Unethical agribusiness influences our nutrition

Carly Yamrus, Opinion Editor

Think about the last meal you ate. What did you eat? Where did the ingredients come from? Do you even know what the ingredients were? If you read the side of that bag of chips you just ate, could you accurately describe to me what “hydrologized corn protein” is? How about disodium guanylate? What is the percentage daily value? What are calories per gram?
Odds are you don’t know. And why would you know? Does anyone even care? Who cares what’s in the Doritos chips, they taste so good! When did we ever learn about how to read the nutrition facts on the back of the food we consume? Well, we didn’t. And why would we?
The United States Department of Agriculture was created in 1862 for two purposes. The first was to provide a “sufficient and reliable food supply,” as well as develop and spread dietary guidelines for proper nutrition to the American people. Since 1862 we have put all our trust into the government to provide set dietary guidelines and to update them every five years.
Now we all know about the Food Pyramid, right? Well, it no longer exists. It is now the “Dinner Plate,” which denotes the approximate amount of food a person should consume each meal. Fruits and vegetables take up half of the plate, while protein and carbohydrates take up the other half, and dairy products depicted as the cup next to the plate. Note there are no fats and oils section on the dinner plate.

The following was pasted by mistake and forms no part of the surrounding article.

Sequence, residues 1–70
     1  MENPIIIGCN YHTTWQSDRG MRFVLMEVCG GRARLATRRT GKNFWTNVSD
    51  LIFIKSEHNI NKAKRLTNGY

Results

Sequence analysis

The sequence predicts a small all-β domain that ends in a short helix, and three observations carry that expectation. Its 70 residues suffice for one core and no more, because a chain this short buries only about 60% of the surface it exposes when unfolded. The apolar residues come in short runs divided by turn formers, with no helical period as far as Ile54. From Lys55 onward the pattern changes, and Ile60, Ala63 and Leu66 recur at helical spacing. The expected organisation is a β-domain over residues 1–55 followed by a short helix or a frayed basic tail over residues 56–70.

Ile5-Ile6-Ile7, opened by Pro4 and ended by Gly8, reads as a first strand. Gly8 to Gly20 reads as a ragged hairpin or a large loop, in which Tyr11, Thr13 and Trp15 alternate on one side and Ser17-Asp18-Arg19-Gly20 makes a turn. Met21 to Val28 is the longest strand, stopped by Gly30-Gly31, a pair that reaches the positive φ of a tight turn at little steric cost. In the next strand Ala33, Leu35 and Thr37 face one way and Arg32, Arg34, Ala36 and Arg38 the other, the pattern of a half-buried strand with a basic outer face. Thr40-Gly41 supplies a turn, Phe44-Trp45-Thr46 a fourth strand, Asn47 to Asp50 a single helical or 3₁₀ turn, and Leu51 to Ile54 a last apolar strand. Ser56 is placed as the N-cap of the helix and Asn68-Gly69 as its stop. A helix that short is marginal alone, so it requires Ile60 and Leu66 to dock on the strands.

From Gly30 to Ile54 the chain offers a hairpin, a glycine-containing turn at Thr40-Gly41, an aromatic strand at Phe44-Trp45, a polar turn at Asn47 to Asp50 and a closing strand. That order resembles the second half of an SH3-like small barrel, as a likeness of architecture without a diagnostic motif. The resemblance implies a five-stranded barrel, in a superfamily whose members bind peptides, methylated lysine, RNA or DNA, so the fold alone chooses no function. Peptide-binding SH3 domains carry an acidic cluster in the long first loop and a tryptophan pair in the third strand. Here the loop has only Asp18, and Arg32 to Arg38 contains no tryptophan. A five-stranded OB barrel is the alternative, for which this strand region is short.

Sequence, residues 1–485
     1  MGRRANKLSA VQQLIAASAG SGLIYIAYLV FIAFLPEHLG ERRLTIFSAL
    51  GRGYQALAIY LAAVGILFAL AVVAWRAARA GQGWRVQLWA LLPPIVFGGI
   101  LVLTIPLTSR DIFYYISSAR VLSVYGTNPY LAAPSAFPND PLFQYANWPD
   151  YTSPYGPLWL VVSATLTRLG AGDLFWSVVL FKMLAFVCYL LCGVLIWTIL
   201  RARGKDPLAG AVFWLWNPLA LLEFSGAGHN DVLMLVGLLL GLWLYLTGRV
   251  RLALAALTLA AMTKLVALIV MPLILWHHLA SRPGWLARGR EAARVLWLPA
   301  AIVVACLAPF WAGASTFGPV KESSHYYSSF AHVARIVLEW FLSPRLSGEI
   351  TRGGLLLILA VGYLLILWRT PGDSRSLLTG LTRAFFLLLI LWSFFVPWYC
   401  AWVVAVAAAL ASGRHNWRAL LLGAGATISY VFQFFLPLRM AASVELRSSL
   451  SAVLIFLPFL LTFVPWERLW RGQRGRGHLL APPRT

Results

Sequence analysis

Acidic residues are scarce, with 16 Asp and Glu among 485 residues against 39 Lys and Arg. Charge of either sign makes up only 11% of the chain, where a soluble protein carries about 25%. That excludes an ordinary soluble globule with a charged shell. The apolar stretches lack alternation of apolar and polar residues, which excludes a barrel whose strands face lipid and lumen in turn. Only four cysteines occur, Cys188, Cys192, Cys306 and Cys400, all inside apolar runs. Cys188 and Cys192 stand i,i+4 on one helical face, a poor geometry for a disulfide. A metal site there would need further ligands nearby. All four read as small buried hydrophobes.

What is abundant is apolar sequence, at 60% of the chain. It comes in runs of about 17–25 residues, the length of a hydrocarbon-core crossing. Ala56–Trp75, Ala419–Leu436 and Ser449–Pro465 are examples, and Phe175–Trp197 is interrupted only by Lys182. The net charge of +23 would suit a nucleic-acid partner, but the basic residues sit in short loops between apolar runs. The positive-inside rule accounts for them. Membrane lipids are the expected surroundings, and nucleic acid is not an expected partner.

No matter what shape the food guide is shown as, each producer, especially those of meat and grains, will try and tilt the market to their advantage using any means possible.  Scientific jargon and deceptive labeling has a huge influence on what we purchase.
After consumers became aware of the need for healthy food, big business needed to get crafty with how they market their processed goods.
Companies market their products using healthy sounding claims such as “high in fiber,” or “a good source of calcium.” In reality, the salt, sugar and caloric content most likely outweigh whatever “good” nutrition was in that product.
Marion Nestle, author of “Food Politics: How the Food Industry Influences Nutrition and Health,” explains that the food industry promotes an “eat more” mentality. Instead of saying “eat less meat,” the meat industry says, “eat more lean meat.” Obesity in America clearly tells us that we do not need to be eating more of anything. But you know,  less food doesn’t make more money.
Our food system is big business- known as “agribusiness” and defined as “an industry engaged in the producing operations of a farm, the manufacture and distribution of farm equipment and supplies, and the processing, storage and distribution of farm commodities.”
Our food system relies heavily on cheap commodity crops such as corn and soybean that can be found in many of the food products we buy.
According to the National Family Farm Coalition, Farmers are paid subsidies for supporting this broken system. In other words, farmers are paid to produce large amounts of these “bad” crops. Yet they have no choice. A few companies dominate in all realms of the business, ranging from seeds to fertilizers, to processing and retailing.
Overproduction of commodity crop keeps prices artificially low, which in turn helps pump out more cheaply processed food. Fruits and vegetables are actually considered “specialty crops.” Specialty crops. They are special because you can’t grind up corn and make it into a strawberry or a carrot.